Final thought. With the recent changes, Moviepass is not playing a very classic disruptor role. Moviepass is now IS NOT for the high-end heavy user, and that is a GREAT thing. It follows the disruptive innovation model much closer with the new plan.
The offer from Moviepass is now a classic move of coming in at the very low end. They are offering a lesser service for a low price, that only appeals to the lower end of the market. Naturally, this market and these customers are less appealing to established players like AMC. AMC is looking to maximize profit and to do that they look to create more margins by offering fancier options to their most loyal customers. In fact, it actually makes perfect logical sense for AMC to ignore Moviepass as they move into the low end of the market where there is little profit to be had. From AMC’s perspective, the logical move is to move higher upmarket and leave the low-end low-profit space to new entrants. This is classic disruptive innovation. None of this is to imply that AMC is purposely doing something wrong or stupid. AMC is trying to save and optimize their profits – that is what management is SUPPOSED TO DO! It will feel to AMC and some others that AMC is actually winning. But what they are missing is that the incumbent just allowed a new entrant to get a toehold in their marketplace.
What naturally happens after a new entrant moves into the low end of a market is they continually innovate and find new ways to move upmarket and take increasingly large pieces of the market. At the same time, the incumbent keeps trying to optimize more and more upmarket in an ever increasing race to find fatter margins in the highest end of the market. Eventually, time runs out for the incumbent and they are overtaking by the new entrant. This pattern repeats time and time again across multiple markets. Steel, Automobiles, TV’s, Computer Chips, – even Netflix vs. Blockbuster and then HBO, –and many more industries have experienced this exact phenomenon. There is really no reason to believe that moviegoing is immune from this well know theory.
My next move at Microsoft happened fairly soon after I joined the Windows Team, by this time I had delivered some cost-saving measures for Product Support issues, and I had also got some experience working on Windows as a Product Manager handling the details of delivering the retail box of Windows for resellers. It was 1996 and the Internet “Browser Wars” were starting to really heat up. With new urgency around winning on the Internet, Microsoft Executives decided to carve off a team of people to focus solely on battling with Netscape and their market dominant browser Netscape Navigator. I was offered a choice to stay with the Windows Marketing team or move to the new team that would be focused on marketing Internet Explorer.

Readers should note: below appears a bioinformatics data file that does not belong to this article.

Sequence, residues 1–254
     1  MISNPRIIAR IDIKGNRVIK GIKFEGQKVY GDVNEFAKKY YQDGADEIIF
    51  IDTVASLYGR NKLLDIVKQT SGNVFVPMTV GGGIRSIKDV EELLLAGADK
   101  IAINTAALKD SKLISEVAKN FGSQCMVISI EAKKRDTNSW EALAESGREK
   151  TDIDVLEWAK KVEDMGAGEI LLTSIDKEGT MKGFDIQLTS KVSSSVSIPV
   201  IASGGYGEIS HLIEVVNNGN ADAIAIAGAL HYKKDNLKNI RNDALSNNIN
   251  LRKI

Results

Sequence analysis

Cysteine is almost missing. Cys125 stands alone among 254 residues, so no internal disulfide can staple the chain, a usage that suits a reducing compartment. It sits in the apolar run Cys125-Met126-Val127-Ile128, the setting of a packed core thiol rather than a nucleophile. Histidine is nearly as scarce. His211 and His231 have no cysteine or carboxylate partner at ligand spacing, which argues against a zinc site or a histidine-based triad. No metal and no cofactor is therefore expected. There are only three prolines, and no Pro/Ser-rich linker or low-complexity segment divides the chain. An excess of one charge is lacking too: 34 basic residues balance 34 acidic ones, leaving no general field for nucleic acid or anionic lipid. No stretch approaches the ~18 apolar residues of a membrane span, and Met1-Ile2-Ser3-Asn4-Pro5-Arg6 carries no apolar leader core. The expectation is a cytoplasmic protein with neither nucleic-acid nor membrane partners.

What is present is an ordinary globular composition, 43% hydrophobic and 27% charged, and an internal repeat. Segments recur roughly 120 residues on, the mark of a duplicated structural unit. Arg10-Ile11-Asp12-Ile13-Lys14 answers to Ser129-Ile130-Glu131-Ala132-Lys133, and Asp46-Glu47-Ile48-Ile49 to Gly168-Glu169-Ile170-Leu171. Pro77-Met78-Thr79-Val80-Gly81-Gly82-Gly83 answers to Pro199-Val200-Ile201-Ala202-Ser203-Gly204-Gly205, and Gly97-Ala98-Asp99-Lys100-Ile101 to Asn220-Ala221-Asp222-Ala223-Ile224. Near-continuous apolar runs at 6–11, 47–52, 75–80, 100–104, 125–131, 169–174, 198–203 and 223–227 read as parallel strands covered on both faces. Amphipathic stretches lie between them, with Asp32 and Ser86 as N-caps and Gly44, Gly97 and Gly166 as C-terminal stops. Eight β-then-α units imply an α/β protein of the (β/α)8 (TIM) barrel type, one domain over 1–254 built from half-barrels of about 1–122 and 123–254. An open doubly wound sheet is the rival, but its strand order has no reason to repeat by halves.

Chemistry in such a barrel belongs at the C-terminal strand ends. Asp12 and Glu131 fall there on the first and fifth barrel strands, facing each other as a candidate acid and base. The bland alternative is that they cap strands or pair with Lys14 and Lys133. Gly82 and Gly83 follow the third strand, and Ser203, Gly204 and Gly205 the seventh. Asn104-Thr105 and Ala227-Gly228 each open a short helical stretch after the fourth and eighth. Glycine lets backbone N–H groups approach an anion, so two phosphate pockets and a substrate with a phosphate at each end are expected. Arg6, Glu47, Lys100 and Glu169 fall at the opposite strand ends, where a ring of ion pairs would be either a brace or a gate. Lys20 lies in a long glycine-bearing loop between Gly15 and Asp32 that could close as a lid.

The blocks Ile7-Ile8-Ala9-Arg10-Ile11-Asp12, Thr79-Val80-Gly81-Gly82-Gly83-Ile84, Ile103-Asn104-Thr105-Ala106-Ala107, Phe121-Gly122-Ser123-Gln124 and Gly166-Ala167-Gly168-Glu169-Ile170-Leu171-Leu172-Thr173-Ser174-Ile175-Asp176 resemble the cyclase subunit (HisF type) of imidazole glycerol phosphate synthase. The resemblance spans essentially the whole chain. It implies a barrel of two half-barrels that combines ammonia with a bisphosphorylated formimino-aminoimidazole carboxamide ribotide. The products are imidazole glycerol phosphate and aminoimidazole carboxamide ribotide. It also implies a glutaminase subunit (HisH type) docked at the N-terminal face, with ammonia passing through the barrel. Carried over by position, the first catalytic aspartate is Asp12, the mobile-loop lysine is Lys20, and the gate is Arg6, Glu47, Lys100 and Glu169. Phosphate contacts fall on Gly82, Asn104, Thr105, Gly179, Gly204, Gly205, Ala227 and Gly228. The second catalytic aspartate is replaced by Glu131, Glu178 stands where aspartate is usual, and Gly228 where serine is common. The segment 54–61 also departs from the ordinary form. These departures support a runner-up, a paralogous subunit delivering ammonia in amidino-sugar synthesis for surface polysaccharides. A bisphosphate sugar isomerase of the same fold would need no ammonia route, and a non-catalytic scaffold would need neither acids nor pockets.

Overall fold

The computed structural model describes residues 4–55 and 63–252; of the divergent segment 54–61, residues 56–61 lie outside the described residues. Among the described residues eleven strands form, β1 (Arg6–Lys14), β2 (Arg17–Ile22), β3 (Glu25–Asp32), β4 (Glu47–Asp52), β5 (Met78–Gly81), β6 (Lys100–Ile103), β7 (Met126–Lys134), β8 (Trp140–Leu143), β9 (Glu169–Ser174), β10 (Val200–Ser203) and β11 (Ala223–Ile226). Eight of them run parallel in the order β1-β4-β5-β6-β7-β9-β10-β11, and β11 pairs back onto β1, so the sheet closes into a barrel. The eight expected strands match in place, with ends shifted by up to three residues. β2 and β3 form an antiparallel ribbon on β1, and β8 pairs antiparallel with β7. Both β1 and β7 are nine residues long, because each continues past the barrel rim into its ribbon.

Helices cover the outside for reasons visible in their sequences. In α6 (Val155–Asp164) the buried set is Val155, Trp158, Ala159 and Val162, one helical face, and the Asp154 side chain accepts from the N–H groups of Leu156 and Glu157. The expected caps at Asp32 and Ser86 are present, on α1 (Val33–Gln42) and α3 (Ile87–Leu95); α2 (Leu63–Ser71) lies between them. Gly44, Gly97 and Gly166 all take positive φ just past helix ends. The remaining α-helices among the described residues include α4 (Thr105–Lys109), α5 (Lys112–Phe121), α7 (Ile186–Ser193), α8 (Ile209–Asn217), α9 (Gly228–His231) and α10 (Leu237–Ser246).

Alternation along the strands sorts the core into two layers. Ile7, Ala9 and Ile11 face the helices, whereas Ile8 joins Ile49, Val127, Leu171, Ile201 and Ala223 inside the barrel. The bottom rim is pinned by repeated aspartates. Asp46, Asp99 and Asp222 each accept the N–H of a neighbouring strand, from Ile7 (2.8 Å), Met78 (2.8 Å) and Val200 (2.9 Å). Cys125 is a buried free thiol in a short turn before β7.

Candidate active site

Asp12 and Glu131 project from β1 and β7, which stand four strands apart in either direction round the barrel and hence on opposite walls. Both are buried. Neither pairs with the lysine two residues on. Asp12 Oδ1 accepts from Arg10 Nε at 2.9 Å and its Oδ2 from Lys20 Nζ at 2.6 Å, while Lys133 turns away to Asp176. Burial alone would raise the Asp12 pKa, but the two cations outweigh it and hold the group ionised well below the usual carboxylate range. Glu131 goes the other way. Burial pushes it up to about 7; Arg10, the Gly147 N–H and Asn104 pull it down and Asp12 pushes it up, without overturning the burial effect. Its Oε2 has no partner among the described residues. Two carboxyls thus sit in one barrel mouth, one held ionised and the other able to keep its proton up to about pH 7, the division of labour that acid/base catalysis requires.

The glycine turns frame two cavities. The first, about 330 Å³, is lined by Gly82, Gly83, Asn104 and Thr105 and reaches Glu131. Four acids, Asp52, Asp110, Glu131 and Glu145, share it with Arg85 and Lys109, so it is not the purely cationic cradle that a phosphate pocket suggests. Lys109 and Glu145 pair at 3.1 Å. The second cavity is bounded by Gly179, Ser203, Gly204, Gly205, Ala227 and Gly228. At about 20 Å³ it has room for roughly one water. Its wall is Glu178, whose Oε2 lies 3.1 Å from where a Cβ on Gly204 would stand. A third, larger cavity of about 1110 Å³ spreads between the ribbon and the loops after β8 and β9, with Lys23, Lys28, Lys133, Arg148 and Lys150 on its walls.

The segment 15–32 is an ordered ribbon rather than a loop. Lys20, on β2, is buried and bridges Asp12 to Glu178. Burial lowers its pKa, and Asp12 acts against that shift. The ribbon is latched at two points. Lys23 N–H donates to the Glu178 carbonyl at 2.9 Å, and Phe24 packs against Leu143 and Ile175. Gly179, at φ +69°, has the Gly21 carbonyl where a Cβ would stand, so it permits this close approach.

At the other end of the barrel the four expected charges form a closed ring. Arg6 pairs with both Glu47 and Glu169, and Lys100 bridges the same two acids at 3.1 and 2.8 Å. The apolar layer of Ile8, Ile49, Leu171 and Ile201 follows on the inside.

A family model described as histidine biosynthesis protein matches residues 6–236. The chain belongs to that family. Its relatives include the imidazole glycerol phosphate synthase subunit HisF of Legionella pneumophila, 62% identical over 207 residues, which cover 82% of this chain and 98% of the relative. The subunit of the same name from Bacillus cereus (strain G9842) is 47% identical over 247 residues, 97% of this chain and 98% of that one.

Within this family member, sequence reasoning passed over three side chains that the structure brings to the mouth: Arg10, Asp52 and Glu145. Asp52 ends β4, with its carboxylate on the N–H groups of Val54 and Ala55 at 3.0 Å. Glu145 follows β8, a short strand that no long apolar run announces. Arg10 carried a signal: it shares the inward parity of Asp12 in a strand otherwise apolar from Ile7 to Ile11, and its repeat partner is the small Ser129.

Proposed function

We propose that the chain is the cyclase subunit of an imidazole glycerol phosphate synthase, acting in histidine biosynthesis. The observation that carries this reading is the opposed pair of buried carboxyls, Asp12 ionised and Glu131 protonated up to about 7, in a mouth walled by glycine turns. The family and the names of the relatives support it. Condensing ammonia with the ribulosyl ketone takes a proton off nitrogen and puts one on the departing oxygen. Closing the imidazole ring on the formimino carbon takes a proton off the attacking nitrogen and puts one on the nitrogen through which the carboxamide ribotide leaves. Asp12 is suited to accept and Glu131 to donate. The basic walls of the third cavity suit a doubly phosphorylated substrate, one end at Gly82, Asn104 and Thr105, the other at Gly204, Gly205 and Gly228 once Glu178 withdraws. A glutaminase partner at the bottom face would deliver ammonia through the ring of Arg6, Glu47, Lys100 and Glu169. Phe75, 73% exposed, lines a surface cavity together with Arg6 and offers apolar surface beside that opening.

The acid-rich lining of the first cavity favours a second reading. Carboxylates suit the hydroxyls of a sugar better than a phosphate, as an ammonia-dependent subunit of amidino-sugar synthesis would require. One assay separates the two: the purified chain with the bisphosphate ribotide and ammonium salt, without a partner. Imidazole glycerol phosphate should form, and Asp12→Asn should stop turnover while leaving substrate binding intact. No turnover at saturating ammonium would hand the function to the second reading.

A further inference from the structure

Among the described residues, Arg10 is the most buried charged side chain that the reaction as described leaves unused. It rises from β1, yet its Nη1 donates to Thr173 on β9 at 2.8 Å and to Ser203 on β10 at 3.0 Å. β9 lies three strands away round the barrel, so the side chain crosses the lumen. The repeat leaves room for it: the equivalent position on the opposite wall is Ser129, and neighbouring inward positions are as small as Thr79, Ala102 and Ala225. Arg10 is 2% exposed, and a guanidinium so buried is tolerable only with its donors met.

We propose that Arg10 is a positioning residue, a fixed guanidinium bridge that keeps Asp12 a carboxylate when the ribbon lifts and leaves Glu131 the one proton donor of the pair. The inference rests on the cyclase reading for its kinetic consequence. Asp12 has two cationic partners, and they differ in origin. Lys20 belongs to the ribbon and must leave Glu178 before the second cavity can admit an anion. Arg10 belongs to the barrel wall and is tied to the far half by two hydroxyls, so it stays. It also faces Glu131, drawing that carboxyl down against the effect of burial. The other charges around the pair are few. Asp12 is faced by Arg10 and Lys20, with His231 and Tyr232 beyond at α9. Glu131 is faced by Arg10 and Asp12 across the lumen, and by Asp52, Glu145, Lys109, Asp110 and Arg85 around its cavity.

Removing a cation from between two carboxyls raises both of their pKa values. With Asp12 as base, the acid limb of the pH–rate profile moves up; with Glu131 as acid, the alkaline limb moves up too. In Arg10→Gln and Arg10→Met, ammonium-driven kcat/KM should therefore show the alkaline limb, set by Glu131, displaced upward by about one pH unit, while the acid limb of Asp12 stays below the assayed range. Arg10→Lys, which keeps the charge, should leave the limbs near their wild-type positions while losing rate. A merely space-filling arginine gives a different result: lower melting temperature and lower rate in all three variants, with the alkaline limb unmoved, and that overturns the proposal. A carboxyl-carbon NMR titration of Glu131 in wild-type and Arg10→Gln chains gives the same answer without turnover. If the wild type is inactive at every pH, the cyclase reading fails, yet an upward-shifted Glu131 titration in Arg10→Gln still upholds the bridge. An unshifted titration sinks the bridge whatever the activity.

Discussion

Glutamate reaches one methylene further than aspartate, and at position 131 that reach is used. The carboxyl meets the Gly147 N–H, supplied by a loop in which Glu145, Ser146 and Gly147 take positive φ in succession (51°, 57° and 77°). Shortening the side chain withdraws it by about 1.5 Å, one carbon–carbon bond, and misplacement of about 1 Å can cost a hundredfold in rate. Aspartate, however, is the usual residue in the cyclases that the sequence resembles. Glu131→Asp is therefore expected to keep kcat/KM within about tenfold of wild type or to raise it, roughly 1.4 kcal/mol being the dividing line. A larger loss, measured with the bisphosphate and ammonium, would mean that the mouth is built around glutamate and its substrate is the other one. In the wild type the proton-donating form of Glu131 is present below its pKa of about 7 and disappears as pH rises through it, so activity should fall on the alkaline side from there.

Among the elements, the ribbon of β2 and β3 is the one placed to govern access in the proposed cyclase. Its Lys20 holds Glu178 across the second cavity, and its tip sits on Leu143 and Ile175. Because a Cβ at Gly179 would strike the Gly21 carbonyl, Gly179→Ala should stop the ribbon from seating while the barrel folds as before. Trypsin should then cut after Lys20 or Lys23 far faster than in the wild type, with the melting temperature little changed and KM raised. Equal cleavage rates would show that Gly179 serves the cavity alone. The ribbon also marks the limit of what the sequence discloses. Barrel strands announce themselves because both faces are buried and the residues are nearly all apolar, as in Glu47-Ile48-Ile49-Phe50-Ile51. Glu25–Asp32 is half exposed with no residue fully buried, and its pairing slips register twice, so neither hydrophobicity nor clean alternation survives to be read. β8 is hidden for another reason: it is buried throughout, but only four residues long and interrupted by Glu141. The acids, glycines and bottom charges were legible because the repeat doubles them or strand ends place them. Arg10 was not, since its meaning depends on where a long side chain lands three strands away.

There was no specific job that was set out, they were going to figure that stuff out later. So I had a choice to join this new “Internet” thing, or stay with Windows and keep working on the “old thing”. This was an easy choice for me. It was obvious the Internet was going to change everything, and while I had been young and dumb in the past, not seeing the future and the opportunities ahead. This time it was so blatantly obvious how big this was going to be, I jumped at the chance to join the Internet Explorer (IE) Marketing team. The guy heading up the IE team was a young up and coming executive named Yusuf Mehdi. Yusuf was extremely charismatic, smart and charming, with incredibly strong marketing instincts, killer intellect and deft PR and public speaking skills. He had made a name for himself with the Windows 95 launch, and he was set up to lead the Internet Explorer marketing effort under the tutelage of Windows Marketing Vice President Brad Chase. Yusuf had a hot job, and was recruiting some of the best marketing people from across the company, he was set up for great success.
A lot has been written about the browser wars, and I won’t bother trying to cover that in any detail here. The browser wars are well documented because of the antitrust case they eventually brought against Microsoft in May of 1998. Amongst the many charges against the company the DOJ claimed.
In May 1995, Microsoft executives attempted to persuade an internet browser software competitor–Netscape Communications Corporation–not to compete with Microsoft and to divide the browser market, with Microsoft becoming the sole supplier of browsers for use with Windows 95 operating systems and with Netscape becoming the sole supplier of browsers for non-Windows 95 operating systems. Netscape refused to participate.